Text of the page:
Wednesday, May 06, 2009

Bullying

When my son Peace was eight, he came home from vacation Bible school at church and explained to me that he'd been bullied by a five year old whom he did not know. The the spunky, mean little kid was a head shorter than him, but he kept after Peace the entire evening and had my boy cowering in a corner like a cornered cockroach about to be squashed by a shiny and black pointy toe on a high heel. I remember taking this as a terrific opportunity for Peace to learn and practice anti-bullying skills. First I made Peace understand how an entire demeanor can project "victim" by role playing the part with him. Next, I taught him how to puff up his chest, move towards the offender, and firmly state, "You stop it right now!"

Apparently, he's learned well. Peace tells me from time to time about high school jerks looking for trouble. He's gone right up to a complete stranger in the library muttering cuss words near him and stood his ground, "Hey, say it just a little louder. The librarian can't hear you." His I-mean-business approach sent that guy high tailing it out the glass doors. Another acquaintance of Peace became offended by Peace asking him not to have his trash talkin' friends around. The classmate began to escalate his behavior toward Peace into bullying. When the young man tried to knock Peace's books from his hands, Peace stepped forward and said sternly, "That was brilliant. Better NOT happen again." And it didn't. In fact, the kid has become down right friendly with Peace.

I watched Oprah today on the subject, and dog gone! The therapist taught a child on the show the same strategies I taught my son seven years ago. Thank God it was none of that wussy "Just ignore it, and it will go away" stuff. I won't abide bullying.
Goodness, two weeks ago, I watched an older boy scorn another child's reading skills in my class. I stopped what I was doing to have a not-on-my-watch chat with him.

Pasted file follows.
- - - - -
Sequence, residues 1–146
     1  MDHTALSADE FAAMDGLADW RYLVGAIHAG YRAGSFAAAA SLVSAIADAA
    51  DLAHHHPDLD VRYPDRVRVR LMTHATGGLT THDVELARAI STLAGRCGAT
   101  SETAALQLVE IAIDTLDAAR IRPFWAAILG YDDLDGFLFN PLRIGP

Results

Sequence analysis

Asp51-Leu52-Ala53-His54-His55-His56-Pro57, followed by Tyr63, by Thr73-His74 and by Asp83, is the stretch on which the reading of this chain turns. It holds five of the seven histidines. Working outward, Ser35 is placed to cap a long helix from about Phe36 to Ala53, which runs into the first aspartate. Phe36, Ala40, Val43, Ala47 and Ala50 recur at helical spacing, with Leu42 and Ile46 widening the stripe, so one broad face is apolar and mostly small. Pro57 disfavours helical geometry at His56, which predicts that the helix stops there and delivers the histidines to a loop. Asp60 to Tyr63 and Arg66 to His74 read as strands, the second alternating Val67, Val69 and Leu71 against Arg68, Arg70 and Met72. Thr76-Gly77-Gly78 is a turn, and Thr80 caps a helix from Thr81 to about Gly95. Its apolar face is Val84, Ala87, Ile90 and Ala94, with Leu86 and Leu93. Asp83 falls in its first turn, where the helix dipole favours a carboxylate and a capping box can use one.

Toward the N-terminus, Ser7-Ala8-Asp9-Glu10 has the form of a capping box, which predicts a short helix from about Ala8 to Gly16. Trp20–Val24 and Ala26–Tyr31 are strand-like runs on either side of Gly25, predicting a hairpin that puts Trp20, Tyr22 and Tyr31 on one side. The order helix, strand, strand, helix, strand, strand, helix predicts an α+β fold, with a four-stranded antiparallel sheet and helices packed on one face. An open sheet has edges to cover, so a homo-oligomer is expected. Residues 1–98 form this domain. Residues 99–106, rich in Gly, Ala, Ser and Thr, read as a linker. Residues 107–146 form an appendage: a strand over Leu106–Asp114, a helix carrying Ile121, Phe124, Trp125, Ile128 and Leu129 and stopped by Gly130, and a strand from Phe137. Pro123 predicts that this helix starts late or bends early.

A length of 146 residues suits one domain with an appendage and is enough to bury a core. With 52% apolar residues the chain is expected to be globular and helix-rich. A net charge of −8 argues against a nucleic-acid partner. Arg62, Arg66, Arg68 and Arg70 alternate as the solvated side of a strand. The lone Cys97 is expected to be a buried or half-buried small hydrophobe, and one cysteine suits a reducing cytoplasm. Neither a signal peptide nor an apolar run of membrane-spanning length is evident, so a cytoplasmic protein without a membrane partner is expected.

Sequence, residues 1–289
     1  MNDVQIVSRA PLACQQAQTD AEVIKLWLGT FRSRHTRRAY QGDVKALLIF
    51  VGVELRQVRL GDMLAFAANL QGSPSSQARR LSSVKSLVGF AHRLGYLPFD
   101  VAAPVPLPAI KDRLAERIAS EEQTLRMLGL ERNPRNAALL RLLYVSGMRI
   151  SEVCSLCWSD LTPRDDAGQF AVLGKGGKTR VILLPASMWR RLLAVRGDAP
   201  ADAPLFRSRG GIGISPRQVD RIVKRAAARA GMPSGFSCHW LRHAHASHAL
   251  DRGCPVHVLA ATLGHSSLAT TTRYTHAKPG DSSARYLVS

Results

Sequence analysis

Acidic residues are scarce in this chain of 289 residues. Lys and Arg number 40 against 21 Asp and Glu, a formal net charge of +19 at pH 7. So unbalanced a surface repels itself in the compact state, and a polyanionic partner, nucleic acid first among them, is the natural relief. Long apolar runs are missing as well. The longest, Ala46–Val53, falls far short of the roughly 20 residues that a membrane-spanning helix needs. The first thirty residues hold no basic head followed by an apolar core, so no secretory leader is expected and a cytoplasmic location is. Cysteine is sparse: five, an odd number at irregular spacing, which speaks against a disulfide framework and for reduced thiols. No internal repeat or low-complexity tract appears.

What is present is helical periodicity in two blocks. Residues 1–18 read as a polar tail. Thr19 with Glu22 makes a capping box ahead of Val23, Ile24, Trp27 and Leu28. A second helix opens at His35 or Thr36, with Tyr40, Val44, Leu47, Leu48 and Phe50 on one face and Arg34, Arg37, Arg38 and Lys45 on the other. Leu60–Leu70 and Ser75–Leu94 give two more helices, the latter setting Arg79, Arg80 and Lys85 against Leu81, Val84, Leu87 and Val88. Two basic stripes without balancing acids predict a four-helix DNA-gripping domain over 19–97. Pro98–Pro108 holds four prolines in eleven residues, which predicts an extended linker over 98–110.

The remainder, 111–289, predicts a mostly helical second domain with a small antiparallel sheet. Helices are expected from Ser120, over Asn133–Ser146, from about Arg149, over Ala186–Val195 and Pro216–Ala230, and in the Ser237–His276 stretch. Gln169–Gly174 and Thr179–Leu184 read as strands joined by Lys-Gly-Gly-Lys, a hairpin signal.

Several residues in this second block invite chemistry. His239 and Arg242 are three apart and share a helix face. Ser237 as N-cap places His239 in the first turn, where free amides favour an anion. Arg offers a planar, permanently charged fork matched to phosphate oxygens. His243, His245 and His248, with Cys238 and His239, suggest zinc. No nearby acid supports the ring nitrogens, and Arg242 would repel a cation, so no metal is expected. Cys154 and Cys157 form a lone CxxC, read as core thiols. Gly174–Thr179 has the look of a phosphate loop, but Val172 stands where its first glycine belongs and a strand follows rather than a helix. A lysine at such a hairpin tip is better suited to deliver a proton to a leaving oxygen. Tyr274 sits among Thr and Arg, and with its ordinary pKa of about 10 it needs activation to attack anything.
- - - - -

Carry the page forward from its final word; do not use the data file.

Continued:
Oprah's show opened with two mothers of boys who'd hung themselves after verbal bully attacks in the last two weeks. Words can kill. I found myself weeping for them and their loss. It bolstered me to fight even the silly "Loser!" remarks so prevalent today.

The proverb "Thoughtless words cut like a sword. But the tongue of wise people brings healing" became literal to me today. Lord, let me be wise.

4 comments:

almostgotit said...

Amen, True!

We need to teach our girls these skills, too... and it can be a little more complicated with girls. My daughter recently told me she been "sharing" her new ipod nearly every day with another tough-sounding girl on the school bus... and my daughter clearly felt really torn between her obligation to be "nice" and the fact that she brings the ipod on the bus for her OWN use (not to mention the Yuck of sharing ear buds.)

Words CAN hurt, and yes... they can kill, too. And "Turning the other cheek" isn't ALWAYS the best answer, is it?!?

K said...

Every teenager, especially girls, needs to read The Gift of Fear by Gavin DeBecker. It's not about bullying, it's more about personal safety as you get older. The point is that fear is a gift, and if you trust your insticts you will be much safer. He discusses specific actions & verbal patterns people use when they are trying to gain your trust (for good or for bad). Almostgotit reminded me of this book, because he says that we raise our children, especially girls, to be nice and polite and share, but they need to be told it's OK to draw the line. Some of it is a little graphic, but he says that if you know specific things to be wary of, red flags that can signal a person is up to no good, you can actually be LESS afraid because you can trust your judgement and not have to jump at every shadow.

truevyne said...

Almost,
Jesus was a man of action, and He didn't take no stuff...except what He was willing to take. His decision. We gotta teach our kids the same. And, yes, Pooh Bear it gettin' that talk too when it comes time.

K, sounds like a good book. I'll recommend it to my daughter when she gets older. I'm good on the fear and reading people stuff from living in the city for some years.

Thicket Dweller said...

Good words. Thanks for sharing.